Niccolo Machiavelli wrote the following in The Prince (circa 1532), “There is nothing more difficult to take in hand, more perilous to conduct, or more uncertain in its success, than to take the lead in the introduction of a new order of things.”
That was 484 years ago and not much has changed (pun intended). I believe that changing behavior is excruciatingly difficult. It is certainly not impossible but it is also not for the faint of heart or for those lacking intestinal fortitude. After spending the last 25 years studying & researching both the theoretical and practical sides of change, I have come to believe that there are 3 distinct variables in the change equation.
- Purpose – There must be a visceral reason for change to occur and I have come to believe that it stems from “pain”. This can be emotional, physical, psychological, or financial but in most cases the fear of the known exceeds the fear of the unknown and we take that leap. It is important that we understand our purpose clearly and are able to communicate to others because change is never a solitary effort. We must be able to create a clear vision for the effort in order to sustain all involved when the emotion has faded away and we are left with just the work.
- Process – Once the purpose is clear, we have to create a system that will support us in the effort and enable us to realize the vision. We cannot rely on willpower because if we do, we will most certainly fail. Emotions are what begin the process but intellect must engage in order to sustain it. Think of it as a project plan with milestones and check-ins along the way to ensure we are on track…and don’t forget the feedback loop. We have to solicit and integrate feedback on our progress in order to ensure our process addresses changes along the way.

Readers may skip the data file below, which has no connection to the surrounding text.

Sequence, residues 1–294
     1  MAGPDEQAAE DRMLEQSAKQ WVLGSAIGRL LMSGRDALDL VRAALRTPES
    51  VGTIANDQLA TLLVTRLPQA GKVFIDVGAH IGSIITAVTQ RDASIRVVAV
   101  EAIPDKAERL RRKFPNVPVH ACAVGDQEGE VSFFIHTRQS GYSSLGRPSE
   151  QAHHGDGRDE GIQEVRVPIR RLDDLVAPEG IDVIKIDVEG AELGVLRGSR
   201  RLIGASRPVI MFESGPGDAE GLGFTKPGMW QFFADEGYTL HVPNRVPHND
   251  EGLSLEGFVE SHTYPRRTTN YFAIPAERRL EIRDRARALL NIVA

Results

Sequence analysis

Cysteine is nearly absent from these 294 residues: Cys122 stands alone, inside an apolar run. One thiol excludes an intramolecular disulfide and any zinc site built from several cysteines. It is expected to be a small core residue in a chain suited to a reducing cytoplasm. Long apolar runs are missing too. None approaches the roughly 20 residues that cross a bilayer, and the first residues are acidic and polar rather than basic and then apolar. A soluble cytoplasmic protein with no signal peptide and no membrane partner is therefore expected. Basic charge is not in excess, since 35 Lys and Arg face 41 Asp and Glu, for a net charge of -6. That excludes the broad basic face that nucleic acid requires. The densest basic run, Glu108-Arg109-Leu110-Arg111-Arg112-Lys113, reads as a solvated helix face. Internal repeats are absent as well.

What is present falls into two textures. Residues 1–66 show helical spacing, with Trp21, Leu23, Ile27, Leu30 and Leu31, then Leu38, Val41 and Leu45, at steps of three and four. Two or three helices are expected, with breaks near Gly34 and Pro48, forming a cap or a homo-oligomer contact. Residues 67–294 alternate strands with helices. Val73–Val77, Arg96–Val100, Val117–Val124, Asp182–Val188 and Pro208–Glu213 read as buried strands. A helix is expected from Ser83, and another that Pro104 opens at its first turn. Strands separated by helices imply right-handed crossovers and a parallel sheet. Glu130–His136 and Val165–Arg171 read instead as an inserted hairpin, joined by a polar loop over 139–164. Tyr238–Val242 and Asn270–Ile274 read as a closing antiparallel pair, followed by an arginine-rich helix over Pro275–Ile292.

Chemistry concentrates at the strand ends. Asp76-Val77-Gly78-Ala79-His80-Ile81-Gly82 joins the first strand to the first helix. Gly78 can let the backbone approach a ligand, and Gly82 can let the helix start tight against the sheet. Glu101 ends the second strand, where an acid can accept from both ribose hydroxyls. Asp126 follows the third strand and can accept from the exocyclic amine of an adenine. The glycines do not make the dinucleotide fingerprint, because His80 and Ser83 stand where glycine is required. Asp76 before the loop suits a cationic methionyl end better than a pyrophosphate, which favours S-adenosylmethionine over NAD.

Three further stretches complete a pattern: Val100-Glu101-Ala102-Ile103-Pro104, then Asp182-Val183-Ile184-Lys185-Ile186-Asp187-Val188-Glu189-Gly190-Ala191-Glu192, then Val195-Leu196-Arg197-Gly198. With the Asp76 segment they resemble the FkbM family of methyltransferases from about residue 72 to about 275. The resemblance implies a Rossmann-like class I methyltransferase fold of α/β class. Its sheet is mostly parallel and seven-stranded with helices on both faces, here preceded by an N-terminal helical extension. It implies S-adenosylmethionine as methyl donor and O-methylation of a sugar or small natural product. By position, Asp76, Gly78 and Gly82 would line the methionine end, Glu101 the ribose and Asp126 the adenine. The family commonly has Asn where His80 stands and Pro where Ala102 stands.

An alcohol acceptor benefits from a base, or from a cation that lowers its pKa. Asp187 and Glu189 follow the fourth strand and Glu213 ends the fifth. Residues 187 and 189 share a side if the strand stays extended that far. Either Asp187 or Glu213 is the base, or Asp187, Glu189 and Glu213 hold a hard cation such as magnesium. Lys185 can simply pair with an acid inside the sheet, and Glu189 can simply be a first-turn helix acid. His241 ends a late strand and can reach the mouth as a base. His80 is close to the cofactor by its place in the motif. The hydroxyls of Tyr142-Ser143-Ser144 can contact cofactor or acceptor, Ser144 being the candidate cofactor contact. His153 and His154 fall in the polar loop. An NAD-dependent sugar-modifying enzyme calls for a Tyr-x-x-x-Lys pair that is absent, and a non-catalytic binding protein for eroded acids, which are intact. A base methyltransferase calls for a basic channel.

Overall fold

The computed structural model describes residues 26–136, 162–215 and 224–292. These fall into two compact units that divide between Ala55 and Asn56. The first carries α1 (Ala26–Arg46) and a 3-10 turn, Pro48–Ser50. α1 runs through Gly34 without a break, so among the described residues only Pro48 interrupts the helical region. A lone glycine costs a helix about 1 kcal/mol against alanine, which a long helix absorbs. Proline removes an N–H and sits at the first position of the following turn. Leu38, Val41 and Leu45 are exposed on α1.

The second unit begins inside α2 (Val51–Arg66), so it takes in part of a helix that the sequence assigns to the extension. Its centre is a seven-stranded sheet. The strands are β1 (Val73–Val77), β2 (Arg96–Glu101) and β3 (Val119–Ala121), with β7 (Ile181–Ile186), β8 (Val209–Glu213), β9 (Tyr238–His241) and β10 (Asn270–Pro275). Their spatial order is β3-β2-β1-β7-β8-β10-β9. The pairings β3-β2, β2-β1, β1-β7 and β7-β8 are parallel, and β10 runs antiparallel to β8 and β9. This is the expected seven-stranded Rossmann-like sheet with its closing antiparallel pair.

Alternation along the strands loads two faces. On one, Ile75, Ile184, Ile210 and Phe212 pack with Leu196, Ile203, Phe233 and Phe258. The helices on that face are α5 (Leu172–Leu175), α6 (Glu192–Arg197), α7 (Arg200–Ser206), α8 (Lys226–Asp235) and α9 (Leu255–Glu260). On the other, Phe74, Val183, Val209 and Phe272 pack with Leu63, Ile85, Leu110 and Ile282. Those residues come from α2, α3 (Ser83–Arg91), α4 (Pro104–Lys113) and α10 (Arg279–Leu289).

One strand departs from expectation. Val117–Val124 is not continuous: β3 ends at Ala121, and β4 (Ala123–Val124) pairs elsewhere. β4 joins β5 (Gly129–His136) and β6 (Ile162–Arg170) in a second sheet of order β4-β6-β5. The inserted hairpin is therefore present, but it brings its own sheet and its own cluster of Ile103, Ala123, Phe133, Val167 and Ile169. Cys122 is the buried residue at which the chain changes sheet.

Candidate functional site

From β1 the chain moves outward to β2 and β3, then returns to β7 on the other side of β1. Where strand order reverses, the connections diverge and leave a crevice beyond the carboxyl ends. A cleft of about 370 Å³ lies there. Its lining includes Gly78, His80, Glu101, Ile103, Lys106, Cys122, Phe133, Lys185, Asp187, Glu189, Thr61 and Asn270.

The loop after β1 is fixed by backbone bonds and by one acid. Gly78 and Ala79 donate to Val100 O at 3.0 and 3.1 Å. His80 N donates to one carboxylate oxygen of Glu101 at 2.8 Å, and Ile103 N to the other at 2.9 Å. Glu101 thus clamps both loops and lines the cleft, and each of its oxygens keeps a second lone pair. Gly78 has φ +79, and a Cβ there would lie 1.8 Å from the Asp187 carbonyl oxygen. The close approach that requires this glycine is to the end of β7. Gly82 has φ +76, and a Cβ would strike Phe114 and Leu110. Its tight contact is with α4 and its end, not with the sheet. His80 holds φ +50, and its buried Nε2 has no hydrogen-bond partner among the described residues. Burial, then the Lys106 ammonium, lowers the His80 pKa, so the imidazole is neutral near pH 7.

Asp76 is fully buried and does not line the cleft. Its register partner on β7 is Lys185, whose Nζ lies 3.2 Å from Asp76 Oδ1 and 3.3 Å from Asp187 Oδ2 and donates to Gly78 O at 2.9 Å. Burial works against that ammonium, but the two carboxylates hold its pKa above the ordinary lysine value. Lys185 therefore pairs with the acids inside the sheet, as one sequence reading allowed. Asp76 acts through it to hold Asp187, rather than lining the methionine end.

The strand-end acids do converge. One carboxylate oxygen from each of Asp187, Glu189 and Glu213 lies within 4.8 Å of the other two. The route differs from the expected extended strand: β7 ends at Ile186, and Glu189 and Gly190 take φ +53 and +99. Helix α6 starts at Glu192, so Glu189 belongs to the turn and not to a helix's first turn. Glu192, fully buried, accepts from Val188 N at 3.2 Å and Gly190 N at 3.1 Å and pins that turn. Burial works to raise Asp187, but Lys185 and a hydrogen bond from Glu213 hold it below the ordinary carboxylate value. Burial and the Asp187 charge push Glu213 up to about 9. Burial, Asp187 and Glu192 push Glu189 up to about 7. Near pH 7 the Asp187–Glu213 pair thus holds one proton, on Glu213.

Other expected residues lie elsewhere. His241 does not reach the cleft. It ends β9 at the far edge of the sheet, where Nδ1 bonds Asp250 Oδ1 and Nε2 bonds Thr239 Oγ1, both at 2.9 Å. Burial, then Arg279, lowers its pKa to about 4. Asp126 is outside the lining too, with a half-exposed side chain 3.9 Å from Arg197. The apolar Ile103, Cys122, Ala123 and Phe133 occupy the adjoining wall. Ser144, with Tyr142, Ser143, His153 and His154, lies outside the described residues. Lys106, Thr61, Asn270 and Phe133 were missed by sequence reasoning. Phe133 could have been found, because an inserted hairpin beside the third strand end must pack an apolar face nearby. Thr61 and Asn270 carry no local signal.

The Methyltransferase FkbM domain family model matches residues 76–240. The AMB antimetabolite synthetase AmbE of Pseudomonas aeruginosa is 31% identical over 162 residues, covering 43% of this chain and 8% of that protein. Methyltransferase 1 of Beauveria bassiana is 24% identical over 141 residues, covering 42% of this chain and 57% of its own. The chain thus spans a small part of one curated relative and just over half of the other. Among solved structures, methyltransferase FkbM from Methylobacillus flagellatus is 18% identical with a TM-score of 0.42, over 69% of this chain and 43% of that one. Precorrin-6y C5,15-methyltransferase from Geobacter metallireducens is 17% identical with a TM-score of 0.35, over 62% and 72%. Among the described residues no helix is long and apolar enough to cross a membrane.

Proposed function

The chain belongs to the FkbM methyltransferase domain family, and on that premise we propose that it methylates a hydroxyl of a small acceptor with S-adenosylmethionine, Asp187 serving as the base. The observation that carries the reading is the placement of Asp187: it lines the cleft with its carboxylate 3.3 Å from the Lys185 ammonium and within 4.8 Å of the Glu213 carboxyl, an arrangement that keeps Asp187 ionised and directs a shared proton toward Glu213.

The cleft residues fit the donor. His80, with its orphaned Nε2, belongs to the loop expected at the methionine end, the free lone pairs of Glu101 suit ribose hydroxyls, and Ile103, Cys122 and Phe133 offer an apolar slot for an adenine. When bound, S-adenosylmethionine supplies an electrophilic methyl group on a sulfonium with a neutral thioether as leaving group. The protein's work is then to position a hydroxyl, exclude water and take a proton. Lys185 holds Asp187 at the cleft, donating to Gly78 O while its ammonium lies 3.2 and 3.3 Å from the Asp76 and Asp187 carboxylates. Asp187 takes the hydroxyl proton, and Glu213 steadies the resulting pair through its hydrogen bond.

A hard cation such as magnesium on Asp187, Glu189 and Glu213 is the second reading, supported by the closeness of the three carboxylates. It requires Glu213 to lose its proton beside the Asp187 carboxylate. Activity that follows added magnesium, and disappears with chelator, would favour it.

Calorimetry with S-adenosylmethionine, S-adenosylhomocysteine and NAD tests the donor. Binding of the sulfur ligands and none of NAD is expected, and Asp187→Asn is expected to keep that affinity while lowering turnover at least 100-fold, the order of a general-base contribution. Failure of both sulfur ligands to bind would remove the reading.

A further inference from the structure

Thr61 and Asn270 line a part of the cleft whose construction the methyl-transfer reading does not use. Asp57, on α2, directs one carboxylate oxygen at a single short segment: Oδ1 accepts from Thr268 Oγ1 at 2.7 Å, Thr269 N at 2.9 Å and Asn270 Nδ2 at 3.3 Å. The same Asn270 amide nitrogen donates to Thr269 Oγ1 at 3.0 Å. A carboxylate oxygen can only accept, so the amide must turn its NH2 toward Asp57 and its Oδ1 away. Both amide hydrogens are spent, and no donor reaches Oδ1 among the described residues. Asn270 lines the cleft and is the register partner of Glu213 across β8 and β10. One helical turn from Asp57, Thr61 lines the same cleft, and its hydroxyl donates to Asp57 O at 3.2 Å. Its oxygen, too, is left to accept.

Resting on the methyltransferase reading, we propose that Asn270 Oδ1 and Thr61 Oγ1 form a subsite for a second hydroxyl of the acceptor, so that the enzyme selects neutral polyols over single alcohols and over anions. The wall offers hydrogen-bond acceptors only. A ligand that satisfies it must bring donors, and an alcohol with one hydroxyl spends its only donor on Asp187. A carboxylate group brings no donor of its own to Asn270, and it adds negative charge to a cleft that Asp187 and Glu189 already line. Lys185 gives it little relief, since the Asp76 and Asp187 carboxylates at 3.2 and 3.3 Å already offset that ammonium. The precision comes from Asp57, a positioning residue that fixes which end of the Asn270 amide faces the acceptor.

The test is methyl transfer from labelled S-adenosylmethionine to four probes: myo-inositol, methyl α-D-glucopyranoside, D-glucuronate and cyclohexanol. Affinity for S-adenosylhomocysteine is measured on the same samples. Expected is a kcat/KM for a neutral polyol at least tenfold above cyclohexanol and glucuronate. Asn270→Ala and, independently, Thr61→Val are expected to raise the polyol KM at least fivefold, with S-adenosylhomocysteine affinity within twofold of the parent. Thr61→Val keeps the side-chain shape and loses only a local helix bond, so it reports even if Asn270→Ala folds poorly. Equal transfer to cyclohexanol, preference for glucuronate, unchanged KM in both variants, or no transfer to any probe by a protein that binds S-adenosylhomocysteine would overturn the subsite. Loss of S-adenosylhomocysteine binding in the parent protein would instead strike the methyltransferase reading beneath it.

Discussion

- People – This is where things get tricky. The most important concept to understand is that change never happens in a vacuum. No matter what change you are attempting to make it will, at some point, impact someone else. This means that you have to ensure that all stakeholders are willing to allow you to change. That’s right, other people will be your most significant obstacle in the process. We all live & work in complex adaptive systems. If one “agent” changes then others in the ecosystem must change as well. The tricky part here is that we are all supportive of other people changing if they want to but not so keen when it begins to impact us. I am sure you can all remember a time you wanted to change a habit or two and others in your circle of influence were not exactly happy with you. Mainly because they liked that you accompanied them and engaged in group frivolity and when that was threatened, they may not have liked it. The main reason for this response? Simply put, they did not sign up for the change. Have a plan and be prepared for push back from those who may not be willing to allow you to change. They are most likely not even consciously aware they are doing it. We have to overcome our own nature because, as a general rule, we seek homeostasis.
I believe that we all have the capacity for change but it is the willingness that evades us from time to time. I maintain that change is never a solitary action and if we want to succeed we must engage those close to us in the effort. Perhaps the challenge is actually to change our perception of who we are and what we can accomplish? There is fear in that because to admit we can implies we have a choice…a responsibility we might not desire.
We would rather be ruined than changed,
We would rather die in our dread
Than climb the cross of the moment
And let our illusions die.
— W. H. Auden